Tuesday, February 27, 2018

Rock Has One Foot in the Grave, and Four Toes of the Other

When I lived in Los Angeles earlier this decade, I played in a band for which I spent many hours a day trying to secure gigs, and not getting any. I was horrified that club bookers were still using the pay-to-play scam that scandalised the city in the late 1970s. I fled LA and returned to the UK, where I own a house and have a spouse, imagining that getting gigs couldn’t possibly be harder than in LA. It was. In two years, I got us booked twice into SW London’s sole surviving original music venue, the Half Moon in Putney, We earned £76 the first night, when Dame Zelda, who has many friends, was in the band, and not a penny the second night, after Dame Zelda had rededicated herself to karaoke. On a Tuesday night after a Monday bank holiday, we drew 21 people in a venue in which only those who draw 25 or more get a tiny portion of the gate. 

I came to understand that if you want to play for pay in SW London, you’d better be either a covers band or a tribute act. No one under 45 (except the first bass player’s daughters) was glimpsed at any of our few gigs. 

But it isn’t only that punters (that is, fans) seemed to have lost interest in anything they hadn’t liked back when they were 19. It was also that so few wanted to play original music. Back in LA in the 1970s, one would place an ad in the Musicians Wanted section of The Recycler and his phone would ring off the hook for days. In SW London late in the second decade of the century, I have placed ads and heard from no one (except the odd Bulgarian disco dolly who’ll be happy to audition if I’ll pay her airfare from Sofia) for literal weeks at a time. 

No one seems to want to be in a band anymore. Everyone wants either to be a famous DJ, or to win X Factor and instantly become rich ’n’ famous.

Why audiences are growing ever greyer — if they’ve any hair at all — is no great mystery. It’s the sacred responsibility of every new generation to pronounce the music of the generation that preceded it lame and embarrassing, although there will invariably be a snarky few who embrace older music for approximately the same reason hipsters drink Pabst Blue Ribbon beer. There are still a hundred bald-spot-and-grey-ponytail bands in SW London who believe what the world really needs is yet another version of "Hoochie Coochie Man" or "Smokestack Lightnin'".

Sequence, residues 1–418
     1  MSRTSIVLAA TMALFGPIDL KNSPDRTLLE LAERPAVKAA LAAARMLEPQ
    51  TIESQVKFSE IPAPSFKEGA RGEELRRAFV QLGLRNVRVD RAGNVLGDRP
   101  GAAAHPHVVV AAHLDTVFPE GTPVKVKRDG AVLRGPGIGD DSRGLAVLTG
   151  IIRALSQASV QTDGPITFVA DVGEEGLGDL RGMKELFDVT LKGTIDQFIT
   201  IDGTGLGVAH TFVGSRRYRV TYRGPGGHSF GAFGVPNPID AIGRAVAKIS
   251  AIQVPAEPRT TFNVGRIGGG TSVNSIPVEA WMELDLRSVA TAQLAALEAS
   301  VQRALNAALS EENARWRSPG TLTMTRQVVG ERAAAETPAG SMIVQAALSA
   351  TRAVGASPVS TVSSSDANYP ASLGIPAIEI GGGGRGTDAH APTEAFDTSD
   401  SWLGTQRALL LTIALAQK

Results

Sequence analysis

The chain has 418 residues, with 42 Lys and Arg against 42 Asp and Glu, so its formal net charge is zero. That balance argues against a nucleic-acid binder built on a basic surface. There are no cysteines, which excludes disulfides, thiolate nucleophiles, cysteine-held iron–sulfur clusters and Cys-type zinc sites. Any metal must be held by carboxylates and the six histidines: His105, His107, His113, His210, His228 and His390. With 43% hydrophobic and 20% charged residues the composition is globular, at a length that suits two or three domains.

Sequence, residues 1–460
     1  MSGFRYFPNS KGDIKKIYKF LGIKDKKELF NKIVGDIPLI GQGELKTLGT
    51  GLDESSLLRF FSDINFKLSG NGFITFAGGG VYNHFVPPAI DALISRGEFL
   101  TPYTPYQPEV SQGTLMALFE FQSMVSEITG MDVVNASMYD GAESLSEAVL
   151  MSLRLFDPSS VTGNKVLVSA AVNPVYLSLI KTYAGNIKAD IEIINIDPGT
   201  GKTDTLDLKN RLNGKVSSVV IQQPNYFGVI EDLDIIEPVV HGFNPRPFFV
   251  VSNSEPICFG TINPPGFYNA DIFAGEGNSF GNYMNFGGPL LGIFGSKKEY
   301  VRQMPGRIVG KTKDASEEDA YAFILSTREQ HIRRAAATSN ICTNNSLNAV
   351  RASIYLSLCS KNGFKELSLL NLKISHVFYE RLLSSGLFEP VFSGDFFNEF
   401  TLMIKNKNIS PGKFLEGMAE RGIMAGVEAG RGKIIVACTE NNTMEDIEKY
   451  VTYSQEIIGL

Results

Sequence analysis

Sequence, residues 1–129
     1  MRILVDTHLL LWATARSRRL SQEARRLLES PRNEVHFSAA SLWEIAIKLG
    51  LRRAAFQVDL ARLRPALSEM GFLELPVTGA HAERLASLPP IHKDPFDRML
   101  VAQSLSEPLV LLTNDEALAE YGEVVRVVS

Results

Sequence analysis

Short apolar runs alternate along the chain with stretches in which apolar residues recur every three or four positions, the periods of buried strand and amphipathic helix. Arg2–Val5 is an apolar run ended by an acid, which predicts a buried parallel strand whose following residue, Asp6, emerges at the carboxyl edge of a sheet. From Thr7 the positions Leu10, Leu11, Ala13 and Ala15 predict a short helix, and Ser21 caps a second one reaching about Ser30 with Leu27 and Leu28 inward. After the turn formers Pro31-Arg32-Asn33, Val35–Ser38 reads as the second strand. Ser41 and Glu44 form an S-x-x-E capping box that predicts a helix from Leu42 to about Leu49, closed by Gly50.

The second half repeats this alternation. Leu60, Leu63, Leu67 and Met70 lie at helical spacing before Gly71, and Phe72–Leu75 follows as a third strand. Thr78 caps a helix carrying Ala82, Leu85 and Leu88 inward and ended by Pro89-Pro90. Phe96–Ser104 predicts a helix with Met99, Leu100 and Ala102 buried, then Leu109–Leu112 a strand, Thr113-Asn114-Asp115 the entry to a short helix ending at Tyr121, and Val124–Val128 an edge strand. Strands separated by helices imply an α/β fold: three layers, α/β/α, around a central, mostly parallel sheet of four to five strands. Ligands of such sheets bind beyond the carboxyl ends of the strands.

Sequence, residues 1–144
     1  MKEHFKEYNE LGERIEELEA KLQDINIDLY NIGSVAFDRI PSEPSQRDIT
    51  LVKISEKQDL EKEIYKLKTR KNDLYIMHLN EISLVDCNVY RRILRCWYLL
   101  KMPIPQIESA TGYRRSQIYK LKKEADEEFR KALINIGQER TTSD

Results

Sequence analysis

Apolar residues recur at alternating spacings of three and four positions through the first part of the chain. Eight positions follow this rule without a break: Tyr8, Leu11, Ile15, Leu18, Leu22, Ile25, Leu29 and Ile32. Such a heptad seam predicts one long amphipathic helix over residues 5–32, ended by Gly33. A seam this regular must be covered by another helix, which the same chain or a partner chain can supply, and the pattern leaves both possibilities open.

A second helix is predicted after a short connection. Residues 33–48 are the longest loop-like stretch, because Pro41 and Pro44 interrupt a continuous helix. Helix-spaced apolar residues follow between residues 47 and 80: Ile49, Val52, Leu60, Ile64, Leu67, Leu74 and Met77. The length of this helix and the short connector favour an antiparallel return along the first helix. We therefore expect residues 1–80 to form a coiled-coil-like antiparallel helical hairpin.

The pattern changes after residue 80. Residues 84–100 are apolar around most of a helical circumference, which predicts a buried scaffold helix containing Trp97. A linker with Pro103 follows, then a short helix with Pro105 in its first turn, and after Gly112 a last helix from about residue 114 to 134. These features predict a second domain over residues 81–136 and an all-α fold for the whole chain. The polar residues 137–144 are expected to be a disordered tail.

As in so many other things, it’s the Rolling Stones who are to blame for rock’s demise. When I first saw The Who, at the Fillmore in San Francisco, they had one — count him! — grizzled roadie, who  probably could have gotten their amplifiers, drums, guitars, and stage clothing into a single transit van, and it was the best show I’ve ever seen. But by the mid-70s, one felt cheated if, for the big finale, the headlining group's lead singer didn’t slide down the world’s largest phallus into a pool of writhing Lori Maddox lookalikes in fishnet body stockings. 

Big phalluses and writhing nymphets cost money, and concert tickets got ever more expensive. Even the groups who couldn’t be troubled to stage a spectacle noted that they were actually selling lots more records than the Rolling Stones, and hiked up their own prices. If you went to concerts, you didn’t have a lot of money left over to go see original local bands, even while other entertainment options were improving geometrically. Where there had once been nine television channels among which to choose, there were now channels beyond counting, and Netflix. How, for someone in his or her 40s or 50s or beyond, could going to some cramped beer-reeking club to hear an original band compare to reclining in one’s La-Z-Boy and watching the latest Netflix original in high-def?

There was also the problem of rock having branded itself as the music of youthful rebellion — specifically, of querulousness, petulance and narcissism,.Behold the Donald Trump of musical genres! For every palpably good-hearted, altruistic Bruce Springsteen, there seemed to be two Axl Roses, entitled little twerps with chips on their shoulders bigger than their feet (spot that Beatles reference!), or irredeemably…damaged Kurt Cobains. Heroin addiction was glamorised, and alcoholism. Ron Wood, Slash, and Keith Richards, with cigarettes dangling from their lips as they play their guitars, are presented as paragons of cool, rather than as flirting with emphysema. 

How many person-hours have been wasted over the years by audiences waiting for Mick Jagger to feel that his makeup is just right? Such narcissists as he introduced a whole new idea into popular entertainment — that the audience was there to make the entertainer feel good, and not vice versa. Has there been a more ghastly moment in recent popular music history than that at which Jagger discovered that not everyone at Altamont regarded him as God Jr., to use the late Bill Graham’s wonderful coinage, and gaped helplessly as the truly monstrous (as opposed to faux satanic) actually killed people?

At a party, someone who’s drunk too much too quickly and begun behaving outrageously will enjoy lots of attention until everyone begins to find him tiresome. Much the same happened with rock over the many decades that it ruled the pop music. And now, as it fades away, it has nothing but itself to blame, unless you count us, whom psychotherapists would call enablers.

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